1.: Windmills Intro
2.: Give Thanks - Kero One & Niamaj
3.: Musical Journey
4.: My Story
5.: In A Dream
6.: Ain't That Somethin'
8.: In All The Wrong Places
9.: Keep It Alive
10.: Cycle Repeats
11.: Fly Fly Away
12.: It's A New Day
13.: Check The Blueprints
Windmills of The Soul is Kero One’s debut album and the Plug Label’s first full-length release. In addition to the vocals, Mr One is also responsible for the scratching, bass, Moog, synths and the Fender Rhodes playing. Apart from some guest vocals this guy is pretty much self-contained but you wouldn’t think so from the full on soulful sound.
Kero One is massive in Japan with his blend of jazz inspired beats and upbeat, non-aggressive lyrics. His music is also supported by the likes of Questlove, Mitsu the Beats, Beat Junkies and Gilles Peterson. Now as to whether or not this means that his debut, ‘Windmills of the Soul’, makes him an established name in Europe is yet to be seen. Personally I can’t quite get into it, though I can appreciate the effort. I don’t know if it’s the lyrics or the seen before jazz inspiration in the beats, but a whole album of it gets tiring after a while.
That’s not to say there isn’t anything good on the 13 tracks from this LP. With production credits going to Kero, apart from 2 tracks laced by DJ King Most, and featuring live instrumentation and session samples that keep the live feel throughout, the music itself can be enjoyable, though it does border on the repetitive at times. If jazzy, laid back beats are your thing this is likely to strike a chord.
The rhyming is also all handled by Kero, with wide ranging subjects delivered with an upbeat tone and unique accent that seems to me as if he’d be unable to make something sound dark or gritty even if he was rhyming about killing or deranged sexual fantasies.
So in conclusion if you like your hip hop with jazz and live influences, at times upbeat, mellow and downtempo then be sure to check Kero’s offering, however if all this sounds a bit déjà vu to you then you’re probably best to avoid it.
The album begins with the slightly long, but beautifully chilled 'Windmills Intro'. If the track was any more laid back it'd make you fall asleep, in a good way. The first time we get to hear the artist is on 'Give Thanks' featuring Niama. The lyricism is solid and the flow is tight, with similarities to Canadian MC Abdominal. From the start, there's a clear indication of the type of artist and album that this is. It's all about sensual beats and humble, dare I say 'backpack' orientated vocals.
'Musical Journey' is a story telling song with some really smooth saxophone in the beat. 'My Story' is, as the title suggests, quite introspective, with some nice light choices of drum sounds. 'Like A Dream' implements some mildy pitched up vocals which I would have assumed the artist was above using. Still, it's a dope track full of more first person tales. 'Ain't That Somethin?' simply sounds fantastic. It's an instrumental showcasing outstanding production, this time with a vaguely funk flavoured hiphop offering.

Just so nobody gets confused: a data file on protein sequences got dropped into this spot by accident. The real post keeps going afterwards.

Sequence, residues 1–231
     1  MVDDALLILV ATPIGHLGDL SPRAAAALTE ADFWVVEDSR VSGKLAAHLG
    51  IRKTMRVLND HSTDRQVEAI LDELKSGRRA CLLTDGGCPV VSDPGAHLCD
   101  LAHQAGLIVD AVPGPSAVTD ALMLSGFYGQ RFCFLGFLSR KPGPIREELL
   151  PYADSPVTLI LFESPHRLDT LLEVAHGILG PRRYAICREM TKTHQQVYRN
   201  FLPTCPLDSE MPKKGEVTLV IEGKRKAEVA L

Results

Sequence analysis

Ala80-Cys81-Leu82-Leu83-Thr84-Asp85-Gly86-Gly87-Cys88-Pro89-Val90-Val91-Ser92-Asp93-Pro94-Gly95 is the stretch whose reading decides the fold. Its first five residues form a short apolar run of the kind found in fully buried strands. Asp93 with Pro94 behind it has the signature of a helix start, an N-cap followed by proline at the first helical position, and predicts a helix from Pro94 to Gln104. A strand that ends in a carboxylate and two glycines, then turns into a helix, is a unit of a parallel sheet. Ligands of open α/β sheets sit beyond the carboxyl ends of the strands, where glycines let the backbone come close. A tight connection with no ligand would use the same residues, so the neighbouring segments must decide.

On the piano based 'In All The Wrong Places', Kero approaches the lyrics with a slightly different flow as he raps through verses of a romantic leaning. 'Keep It Live!' is a more energetic number, although the album could have benefited from it being far more exciting at this point in the laid back track listing. 'The Cycle Repeats' is based around the topic of graffiti and has a simple but effective head nodding loop based beat.
'Fly Fly Away' has a really warm bass line and economic percussion whilst 'Its a New Day' is a very strong instrumental which gets increasingly enjoyable throughout. Everything about it is great, from the saxophone, to drums, to background vocals and awesome guitar. 'Check The Blueprints' concludes the album, although the previous instrumental would have been just as suitable. Here, Kero One raps about his take on the state of hiphop and his reaction to people who felt hiphop sucked. There's some nice squeaky scratching towards the end of the track which rounds things off nicely.
The more you listen to the album, the more you feel Kero One is a musician first and rapper second. That's not to say his rapping is poor. It's far from it. He's simply talented and knowledgeable of music enough to create the perfect balance between vocals and his own extremely impressive, inspiring and high quality production. A lot of people try creating hiphop with the kind of angle here, but it often falls short or simply results in sounding pretentious or desperate. This is an exception, and a fine example of how it's done best.
Un album che a me piace molto,io lo consiglio vivamente.Poi puo' dipendere dai gusti non sara' un classico pero' e' un buonissimo album da scoprire.LYRICS 7 BEAT 8,5 TOTAL 8/10 per me.
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